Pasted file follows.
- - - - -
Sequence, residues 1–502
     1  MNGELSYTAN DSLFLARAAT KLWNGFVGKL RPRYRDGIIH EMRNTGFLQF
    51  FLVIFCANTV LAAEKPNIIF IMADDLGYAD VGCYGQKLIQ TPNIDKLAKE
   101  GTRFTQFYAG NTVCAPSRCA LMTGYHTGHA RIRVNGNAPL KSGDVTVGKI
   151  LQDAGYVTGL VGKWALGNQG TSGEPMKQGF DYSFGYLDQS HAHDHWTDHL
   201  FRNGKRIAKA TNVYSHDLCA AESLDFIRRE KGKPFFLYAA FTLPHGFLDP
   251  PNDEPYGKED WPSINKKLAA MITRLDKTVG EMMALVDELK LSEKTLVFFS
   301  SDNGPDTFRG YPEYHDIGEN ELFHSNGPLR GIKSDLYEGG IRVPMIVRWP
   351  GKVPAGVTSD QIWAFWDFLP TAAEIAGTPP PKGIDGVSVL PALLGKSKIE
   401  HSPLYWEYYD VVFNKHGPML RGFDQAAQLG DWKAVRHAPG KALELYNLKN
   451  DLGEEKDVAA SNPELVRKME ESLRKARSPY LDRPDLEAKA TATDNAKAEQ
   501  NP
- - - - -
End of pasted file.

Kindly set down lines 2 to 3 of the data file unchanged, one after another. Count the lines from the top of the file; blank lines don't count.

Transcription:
     1  MNGELSYTAN DSLFLARAAT KLWNGFVGKL RPRYRDGIIH EMRNTGFLQF
    51  FLVIFCANTV LAAEKPNIIF IMADDLGYAD VGCYGQKLIQ TPNIDKLAKE